Operating ratio is the percentage of revenue that covers operating expenses, a key measure for railroads. As you can see, Canadian National's operating ratio is easily the lowest of this group, and is historically one of the lowest across the industry. Yes, Canadian National is getting some benefit from a weak Canadian dollar, but much of its operating expenses and revenues are paid out and received in U.S. dollars, cancelling out the benefit to the operating ratio.
Challenges likely to continue, but there's big long-term upside
It's not likely that the current weakness in coal or oil is going to change anytime soon. Canadian and U.S. oil producers which rely on rail shipment have slashed their capital spending over the past year, and that will mean less oil being produced and shipped by rail. At the same time, coal seems to be in a secular decline that's unlikely to reverse. Natural gas has become cheaper and is plentiful, and regulatory pressure on utilities to reduce emissions also leans in natural gas' favor.
Iron and steel are a question that will take some time to answer. North American steel producers are in a fight against what they are calling illegal "dumping" by state-owned foreign steelmakers that have been subsidizing their steel production to prop up those industries overseas. There have already been some tariffs passed in the U.S., but so far imports haven't fallen. And while that imported steel does get moved via rail from ports, it undercuts domestic iron and metallurgical coal, key ingredients for steel manufacturing and products Canadian National ships.
At the same time, Canadian National continues to invest on more intermodal demand, and those investments are set to pay off soon. Chief marketing officer Jean-Jacques Ruest said on the earnings call that the Mobile expansion is expected to start bearing fruit as soon as May or June. There are also tailwinds in wood products for the ongoing construction recovery, and increased automotive shipments have helped fill the gap in weak commodity shipping over the past year.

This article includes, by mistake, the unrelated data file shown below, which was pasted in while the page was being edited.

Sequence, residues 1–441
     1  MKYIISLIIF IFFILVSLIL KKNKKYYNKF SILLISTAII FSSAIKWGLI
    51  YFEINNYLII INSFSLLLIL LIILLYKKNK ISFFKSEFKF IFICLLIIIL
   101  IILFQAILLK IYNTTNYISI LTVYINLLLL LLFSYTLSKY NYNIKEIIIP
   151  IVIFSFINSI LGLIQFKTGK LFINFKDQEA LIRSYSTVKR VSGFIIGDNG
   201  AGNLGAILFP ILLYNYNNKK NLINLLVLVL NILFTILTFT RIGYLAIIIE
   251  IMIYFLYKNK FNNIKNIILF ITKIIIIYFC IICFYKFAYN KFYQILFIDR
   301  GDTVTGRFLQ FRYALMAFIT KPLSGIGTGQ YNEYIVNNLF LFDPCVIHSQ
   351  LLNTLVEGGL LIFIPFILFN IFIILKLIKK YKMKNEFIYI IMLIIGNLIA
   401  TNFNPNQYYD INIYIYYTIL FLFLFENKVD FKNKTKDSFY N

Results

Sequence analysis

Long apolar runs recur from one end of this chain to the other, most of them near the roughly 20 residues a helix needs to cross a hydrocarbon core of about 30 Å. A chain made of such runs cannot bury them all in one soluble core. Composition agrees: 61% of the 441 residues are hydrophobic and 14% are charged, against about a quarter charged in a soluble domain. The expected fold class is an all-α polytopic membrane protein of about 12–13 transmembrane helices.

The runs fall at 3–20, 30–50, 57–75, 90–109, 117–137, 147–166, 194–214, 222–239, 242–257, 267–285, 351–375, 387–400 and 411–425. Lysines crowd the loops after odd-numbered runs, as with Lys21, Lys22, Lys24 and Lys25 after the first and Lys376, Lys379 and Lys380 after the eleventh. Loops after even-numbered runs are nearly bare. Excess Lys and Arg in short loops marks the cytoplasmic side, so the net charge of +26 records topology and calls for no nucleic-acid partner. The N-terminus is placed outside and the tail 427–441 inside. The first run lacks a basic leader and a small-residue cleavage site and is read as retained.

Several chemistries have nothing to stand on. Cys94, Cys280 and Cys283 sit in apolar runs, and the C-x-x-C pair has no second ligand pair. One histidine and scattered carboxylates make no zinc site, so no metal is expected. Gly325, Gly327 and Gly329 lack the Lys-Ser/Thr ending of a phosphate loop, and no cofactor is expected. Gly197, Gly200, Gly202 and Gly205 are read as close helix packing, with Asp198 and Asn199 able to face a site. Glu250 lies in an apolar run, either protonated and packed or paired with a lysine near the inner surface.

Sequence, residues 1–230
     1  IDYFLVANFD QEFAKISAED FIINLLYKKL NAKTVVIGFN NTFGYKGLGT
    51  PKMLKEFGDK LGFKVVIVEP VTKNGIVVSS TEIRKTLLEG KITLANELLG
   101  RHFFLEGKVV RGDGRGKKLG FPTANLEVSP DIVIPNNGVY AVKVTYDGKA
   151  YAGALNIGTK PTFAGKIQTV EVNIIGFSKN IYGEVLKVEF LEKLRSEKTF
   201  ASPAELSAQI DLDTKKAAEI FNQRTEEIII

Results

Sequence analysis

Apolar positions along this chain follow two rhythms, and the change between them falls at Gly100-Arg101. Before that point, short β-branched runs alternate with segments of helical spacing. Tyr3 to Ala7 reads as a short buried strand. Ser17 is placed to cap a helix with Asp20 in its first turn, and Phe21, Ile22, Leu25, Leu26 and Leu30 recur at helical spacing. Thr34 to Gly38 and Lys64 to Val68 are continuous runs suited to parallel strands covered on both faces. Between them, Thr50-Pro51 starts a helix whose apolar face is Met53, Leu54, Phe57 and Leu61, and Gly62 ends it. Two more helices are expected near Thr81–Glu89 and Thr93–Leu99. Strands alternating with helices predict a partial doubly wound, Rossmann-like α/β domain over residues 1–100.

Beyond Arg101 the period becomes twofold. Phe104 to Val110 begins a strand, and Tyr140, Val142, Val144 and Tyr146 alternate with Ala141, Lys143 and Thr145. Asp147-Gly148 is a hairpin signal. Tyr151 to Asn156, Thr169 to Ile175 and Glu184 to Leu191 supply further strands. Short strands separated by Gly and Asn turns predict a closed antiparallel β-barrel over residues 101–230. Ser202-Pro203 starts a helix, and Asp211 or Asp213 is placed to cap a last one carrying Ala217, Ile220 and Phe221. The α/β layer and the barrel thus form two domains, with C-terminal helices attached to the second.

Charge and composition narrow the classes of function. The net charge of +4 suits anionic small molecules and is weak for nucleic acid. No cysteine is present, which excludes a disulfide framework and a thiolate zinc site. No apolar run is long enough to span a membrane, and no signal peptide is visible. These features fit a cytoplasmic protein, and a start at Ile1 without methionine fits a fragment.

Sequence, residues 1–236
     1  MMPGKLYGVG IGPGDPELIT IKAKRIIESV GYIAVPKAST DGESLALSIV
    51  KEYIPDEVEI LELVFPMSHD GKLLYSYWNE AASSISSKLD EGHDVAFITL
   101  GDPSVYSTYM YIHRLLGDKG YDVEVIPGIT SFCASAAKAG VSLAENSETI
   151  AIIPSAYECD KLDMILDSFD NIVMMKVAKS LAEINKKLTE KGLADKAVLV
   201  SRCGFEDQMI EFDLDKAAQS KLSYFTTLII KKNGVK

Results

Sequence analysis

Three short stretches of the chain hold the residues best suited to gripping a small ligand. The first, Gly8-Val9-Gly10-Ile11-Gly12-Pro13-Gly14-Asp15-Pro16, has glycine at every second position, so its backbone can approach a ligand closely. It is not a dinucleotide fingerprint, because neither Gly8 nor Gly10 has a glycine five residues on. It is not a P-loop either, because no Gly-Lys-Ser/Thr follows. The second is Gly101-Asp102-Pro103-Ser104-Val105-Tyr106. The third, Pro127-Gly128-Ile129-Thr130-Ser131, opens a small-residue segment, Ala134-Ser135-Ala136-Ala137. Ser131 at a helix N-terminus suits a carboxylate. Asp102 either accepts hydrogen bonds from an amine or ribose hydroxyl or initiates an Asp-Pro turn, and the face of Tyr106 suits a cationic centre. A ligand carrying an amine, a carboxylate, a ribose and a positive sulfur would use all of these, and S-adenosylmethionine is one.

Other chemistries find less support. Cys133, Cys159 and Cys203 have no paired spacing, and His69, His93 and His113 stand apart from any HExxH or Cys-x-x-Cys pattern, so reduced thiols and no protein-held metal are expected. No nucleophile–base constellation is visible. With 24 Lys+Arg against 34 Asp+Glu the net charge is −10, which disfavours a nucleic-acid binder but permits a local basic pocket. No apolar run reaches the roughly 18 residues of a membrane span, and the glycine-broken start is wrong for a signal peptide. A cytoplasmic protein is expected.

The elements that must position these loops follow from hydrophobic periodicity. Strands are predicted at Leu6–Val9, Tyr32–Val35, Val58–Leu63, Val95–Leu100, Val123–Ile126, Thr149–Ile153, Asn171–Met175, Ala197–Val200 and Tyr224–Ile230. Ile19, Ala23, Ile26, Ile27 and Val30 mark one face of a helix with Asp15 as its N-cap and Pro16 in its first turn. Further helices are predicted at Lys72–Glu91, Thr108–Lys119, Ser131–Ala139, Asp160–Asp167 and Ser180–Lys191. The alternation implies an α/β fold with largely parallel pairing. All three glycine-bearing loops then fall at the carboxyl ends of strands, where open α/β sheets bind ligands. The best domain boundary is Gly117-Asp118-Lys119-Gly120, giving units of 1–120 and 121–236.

Canadian National looks undervalued and worth buying today
While the benefit of foreign exchange has boosted the company's bottom, Canadian National is simply in different tier than its competition when it comes to efficient operations. Furthermore, the railroad's investment in long-term growth is the kind of focus that will pay off for years to come, and this is especially important with uncertainty around the long-term sustainability of coal and oil shipments.
This low-cost and forward-thinking approach to running the company has allowed Canadian National to consistently invest in growth, and to give more capital back to shareholders at the same time. The company also announced it would increase the dividend by 20%, and said it was looking to buy back $2 billion in shares this year. Over the past decade, share buybacks and dividend increases have added significantly to shareholder returns:
Even with the weakness in energy-related shipments, Canadian National is well-positioned for the long-term, and as well-run a company as there is. There's no promise its stock will go up in the short term, but over the long-term, Canadian National should continue to be a winning investment.